Watching Dennis Rodman walk through the Singapore airport with a group of reporters, photographers and cameramen in tow brought a tear to the eye for some of us in the Chicago media. The emotion had nothing to do with the possibility of North Korean denuclearization or improved prospects of world peace.
It brought back “fond’’ memories of what we sportswriters called the Walk of Shame during the Bulls’ second three-peat. That entailed trying to interview Rodman after a game as he walked from the locker room to the exit. Walking – rather than standing and answering questions like every other athlete ever – was a strategy his handlers had come up with to give his interviews the feel of a red-carpet frenzy. Rodman wanted it all, including Hollywood. We just wanted a quote about his two points and 18 rebounds that night.
Rodman was still walking and talking Tuesday, with a media horde jostling around him in Singapore. That he has somehow injected himself into the North Korea story is old news. Rodman and dictator Kim Jong Un are buddies, thanks to a trip the Basketball Hall of Famer made to North Korea in 2013 with the Harlem Globetrotters. He has called Kim “a friend for life’’ and once sang “Happy Birthday’’ to the leader, whom he described as “a very good guy.’’ Pay no attention to the widespread starvation, the labor camps or the fact that Kim had his uncle executed for treason, Dennis.
You can either be baffled by the friendship between Rodman and Kim or you can celebrate life’s rich pageant. I remain on the side of bafflement.
Still, is it possible that Rodman has shaped Kim’s view of the United States, leading to some of the thaw that took place between the countries at last week’s Singapore summit? I find this hard to believe, but it is possible. If the Mao-suit-wearing Kim acquired his view of America from a man who once graced the cover of Brides magazine in a wedding dress, then so be it. Whatever it takes to try to make the world a safer place. But if Kim thinks Steven Seagal would ever wear chiffon, he has sorely miscalculated what makes America great.
There’s nothing shocking about Rodman anymore, certainly not in the way there was in the 1990s. Back then, America seemed both repulsed and drawn to him. Even the hip NBA was taken aback by his tattoos, body piercings, dyed hair and cross-dressing. Now your grandfather has piercings, even if you wish he didn’t. But in buttoned- and locked-down North Korea, Rodman must look like a purple Ferrari in a sea of bicycles.
It’s impressive how Rodman has managed to keep himself in the public eye for so long. When he realized that his nose ring wasn’t getting as many double takes as it used to, he apparently said to himself: “How can I stay relevant, besides by getting arrested? Why, I’ll attach myself to the hermit kingdom and its enigmatic leader! Of course!’’ He has made four trips to North Korea, all, he said, in the hopes of spreading the gospel of peace through basketball. He might even have helped gain the release of an American missionary who had been held on charges of anti-state crimes. It probably should be mentioned that, at one point, Rodman suggested the missionary deserved to be detained. Hey, life is messy.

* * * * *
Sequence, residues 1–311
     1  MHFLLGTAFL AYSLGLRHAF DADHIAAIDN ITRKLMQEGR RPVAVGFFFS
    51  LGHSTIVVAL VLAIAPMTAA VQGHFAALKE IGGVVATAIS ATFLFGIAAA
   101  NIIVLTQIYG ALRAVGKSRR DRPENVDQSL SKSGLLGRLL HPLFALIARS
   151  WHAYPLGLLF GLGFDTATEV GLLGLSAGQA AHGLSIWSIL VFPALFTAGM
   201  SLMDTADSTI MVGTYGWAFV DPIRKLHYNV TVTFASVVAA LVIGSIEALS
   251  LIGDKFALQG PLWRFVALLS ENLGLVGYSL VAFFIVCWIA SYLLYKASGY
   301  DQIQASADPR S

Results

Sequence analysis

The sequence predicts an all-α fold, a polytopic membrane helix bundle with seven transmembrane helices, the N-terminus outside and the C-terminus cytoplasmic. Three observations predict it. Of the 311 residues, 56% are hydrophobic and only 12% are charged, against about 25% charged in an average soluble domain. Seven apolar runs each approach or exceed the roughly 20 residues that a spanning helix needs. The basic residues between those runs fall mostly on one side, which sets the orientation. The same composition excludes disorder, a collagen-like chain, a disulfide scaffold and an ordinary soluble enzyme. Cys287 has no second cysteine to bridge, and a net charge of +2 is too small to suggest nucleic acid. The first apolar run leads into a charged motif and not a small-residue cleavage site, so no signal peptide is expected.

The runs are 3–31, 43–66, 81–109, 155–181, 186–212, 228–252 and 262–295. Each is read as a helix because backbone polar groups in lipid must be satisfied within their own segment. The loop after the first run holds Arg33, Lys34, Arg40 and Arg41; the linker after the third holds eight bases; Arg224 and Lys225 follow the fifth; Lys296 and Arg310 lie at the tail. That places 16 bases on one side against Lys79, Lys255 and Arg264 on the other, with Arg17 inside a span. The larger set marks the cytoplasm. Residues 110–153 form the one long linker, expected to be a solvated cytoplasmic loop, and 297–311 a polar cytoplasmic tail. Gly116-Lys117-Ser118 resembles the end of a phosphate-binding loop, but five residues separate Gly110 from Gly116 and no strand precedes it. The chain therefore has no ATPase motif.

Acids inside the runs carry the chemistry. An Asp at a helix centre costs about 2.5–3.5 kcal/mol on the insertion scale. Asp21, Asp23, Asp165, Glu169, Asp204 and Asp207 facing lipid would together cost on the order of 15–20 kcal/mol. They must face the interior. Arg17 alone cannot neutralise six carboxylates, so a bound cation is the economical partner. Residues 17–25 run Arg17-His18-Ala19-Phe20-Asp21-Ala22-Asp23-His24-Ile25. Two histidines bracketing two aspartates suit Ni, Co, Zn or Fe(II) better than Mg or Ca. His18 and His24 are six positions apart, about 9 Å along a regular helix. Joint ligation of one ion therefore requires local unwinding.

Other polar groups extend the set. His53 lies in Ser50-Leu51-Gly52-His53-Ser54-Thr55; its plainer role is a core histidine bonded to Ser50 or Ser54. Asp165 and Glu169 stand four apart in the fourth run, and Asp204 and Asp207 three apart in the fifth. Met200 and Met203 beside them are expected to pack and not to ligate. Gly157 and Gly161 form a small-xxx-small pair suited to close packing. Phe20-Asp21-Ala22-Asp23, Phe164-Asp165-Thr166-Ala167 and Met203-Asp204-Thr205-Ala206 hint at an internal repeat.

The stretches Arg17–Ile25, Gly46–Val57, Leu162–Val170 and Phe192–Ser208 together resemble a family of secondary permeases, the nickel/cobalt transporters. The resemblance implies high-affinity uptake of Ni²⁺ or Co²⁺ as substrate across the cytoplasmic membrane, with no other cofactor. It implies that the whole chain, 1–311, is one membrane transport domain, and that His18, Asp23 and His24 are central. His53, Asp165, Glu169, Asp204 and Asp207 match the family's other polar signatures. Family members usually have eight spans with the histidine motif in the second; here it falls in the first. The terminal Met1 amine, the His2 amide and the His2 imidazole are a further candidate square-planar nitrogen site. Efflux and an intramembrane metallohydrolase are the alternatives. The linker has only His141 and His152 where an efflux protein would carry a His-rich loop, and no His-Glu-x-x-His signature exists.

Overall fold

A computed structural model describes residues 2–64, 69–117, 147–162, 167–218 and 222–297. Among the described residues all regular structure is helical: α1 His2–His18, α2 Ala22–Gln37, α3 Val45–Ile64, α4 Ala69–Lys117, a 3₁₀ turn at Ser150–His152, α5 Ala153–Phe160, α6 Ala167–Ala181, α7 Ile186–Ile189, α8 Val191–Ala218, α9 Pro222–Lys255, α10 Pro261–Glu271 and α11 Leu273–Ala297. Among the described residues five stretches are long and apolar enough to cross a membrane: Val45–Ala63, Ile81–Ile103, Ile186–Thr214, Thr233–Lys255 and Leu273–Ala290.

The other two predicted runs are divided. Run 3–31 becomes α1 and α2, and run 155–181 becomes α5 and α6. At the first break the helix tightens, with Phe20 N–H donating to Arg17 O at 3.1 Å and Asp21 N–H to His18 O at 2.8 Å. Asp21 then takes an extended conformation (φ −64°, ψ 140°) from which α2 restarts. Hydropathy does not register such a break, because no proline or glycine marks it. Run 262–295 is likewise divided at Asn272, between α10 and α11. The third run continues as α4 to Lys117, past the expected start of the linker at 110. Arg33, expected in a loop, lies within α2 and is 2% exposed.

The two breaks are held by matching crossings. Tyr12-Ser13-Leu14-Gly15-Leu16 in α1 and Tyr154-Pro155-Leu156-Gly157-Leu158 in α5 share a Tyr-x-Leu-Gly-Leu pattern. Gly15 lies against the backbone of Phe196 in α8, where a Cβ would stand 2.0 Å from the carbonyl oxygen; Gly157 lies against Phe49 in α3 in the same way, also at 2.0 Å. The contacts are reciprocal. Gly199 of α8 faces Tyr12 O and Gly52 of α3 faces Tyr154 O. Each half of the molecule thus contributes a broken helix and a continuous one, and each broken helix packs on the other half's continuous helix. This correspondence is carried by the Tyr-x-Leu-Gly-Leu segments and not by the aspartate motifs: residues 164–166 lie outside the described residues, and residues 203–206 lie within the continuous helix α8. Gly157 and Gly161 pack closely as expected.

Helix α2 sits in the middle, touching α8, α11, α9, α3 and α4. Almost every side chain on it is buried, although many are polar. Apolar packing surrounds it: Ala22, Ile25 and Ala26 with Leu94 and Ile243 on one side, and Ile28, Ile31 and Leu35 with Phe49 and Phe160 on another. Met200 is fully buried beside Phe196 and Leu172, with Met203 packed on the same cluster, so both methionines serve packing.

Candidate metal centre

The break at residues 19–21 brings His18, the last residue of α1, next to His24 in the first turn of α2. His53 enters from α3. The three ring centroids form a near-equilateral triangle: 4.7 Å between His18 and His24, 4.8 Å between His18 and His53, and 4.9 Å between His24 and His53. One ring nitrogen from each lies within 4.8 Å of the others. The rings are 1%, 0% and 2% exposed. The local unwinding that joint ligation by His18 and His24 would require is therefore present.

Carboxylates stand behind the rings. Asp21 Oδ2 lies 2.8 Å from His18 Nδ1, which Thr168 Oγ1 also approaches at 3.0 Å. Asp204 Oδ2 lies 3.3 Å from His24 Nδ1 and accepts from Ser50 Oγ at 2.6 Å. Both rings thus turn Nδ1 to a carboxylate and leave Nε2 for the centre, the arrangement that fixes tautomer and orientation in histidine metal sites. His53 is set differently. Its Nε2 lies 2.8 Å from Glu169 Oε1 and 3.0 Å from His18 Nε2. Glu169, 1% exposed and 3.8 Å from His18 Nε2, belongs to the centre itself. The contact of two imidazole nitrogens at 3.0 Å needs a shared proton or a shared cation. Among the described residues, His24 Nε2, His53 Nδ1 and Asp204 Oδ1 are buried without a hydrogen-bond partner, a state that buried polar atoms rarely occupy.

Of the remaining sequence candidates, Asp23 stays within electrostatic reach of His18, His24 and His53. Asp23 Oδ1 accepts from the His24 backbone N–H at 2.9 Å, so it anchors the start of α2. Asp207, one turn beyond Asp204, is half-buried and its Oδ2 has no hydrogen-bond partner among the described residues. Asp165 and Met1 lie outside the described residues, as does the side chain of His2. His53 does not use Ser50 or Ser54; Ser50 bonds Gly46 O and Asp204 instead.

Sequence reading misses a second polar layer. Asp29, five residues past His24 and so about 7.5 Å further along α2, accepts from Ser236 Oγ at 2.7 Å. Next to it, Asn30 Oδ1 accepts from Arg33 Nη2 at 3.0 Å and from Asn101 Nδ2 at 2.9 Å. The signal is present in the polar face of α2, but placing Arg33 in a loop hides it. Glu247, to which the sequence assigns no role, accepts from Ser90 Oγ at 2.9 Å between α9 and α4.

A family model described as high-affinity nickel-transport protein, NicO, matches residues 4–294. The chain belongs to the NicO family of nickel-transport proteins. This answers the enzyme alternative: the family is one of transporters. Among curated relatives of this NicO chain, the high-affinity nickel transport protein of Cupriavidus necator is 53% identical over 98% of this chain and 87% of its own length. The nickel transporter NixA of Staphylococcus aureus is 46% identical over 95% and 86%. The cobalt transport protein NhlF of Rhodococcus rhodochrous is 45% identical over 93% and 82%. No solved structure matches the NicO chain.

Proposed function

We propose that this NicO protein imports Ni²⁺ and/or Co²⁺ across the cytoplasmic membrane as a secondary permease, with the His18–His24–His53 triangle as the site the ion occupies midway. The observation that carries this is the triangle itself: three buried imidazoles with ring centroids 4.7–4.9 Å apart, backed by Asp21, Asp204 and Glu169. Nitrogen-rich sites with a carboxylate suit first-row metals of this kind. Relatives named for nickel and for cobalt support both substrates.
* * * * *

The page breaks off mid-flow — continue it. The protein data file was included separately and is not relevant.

If Rodman is what’s missing in diplomacy, then it would seem the world took a strange turn somewhere along the way. On the other hand, maybe he’s the person to get Russia to stop meddling in our elections. In the meantime, I’d suggest you and three of your buddies buy Kim, Rodman, Donald Trump and Vladimir Putin masks for Halloween and prepare for the ensuing hilarity.
I laugh because I don’t know what else to do. It’s bizarre that Rodman might have been involved even tangentially in making last week’s summit between Trump and Kim happen, yet there he was in Singapore, working his way through the stop-and-go traffic of media people.
“I think that I brought awareness to a lot of things around the world, and I think North Korea gave a lot of people opportunity to do this conference now, and I hope it’s a success,’’ he said when asked Tuesday about his role in making the meeting happen.
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Twenty years ago, I was assigned to write a Rodman story after a Bulls playoff game. Here he came out of the locker room. I resolutely held my position in the moving madness. I was writing down something he said, when, against all Walk of Shame rules, he decided to stop. And because I was behind him while looking at my notebook, I smacked face-first into his leather-vested back and bounced off him like a ball off a Day-Glo wall. Textbook blocking out by Dennis the Menace.
Years later, he would turn out to be, in the jargon of hoops, a facilitator, too. Who could have seen that coming? Or wanted to?
Sun-Times sports columnists Rick Morrissey and Rick Telander are co-hosts of a new podcast called “The Two Ricks: Unfiltered.” Don’t miss their candid, amusing takes on everything from professional teams tanking to overzealous sports parents and more. Download and subscribe for free on Apple Podcasts and Google Play, or via RSS feed.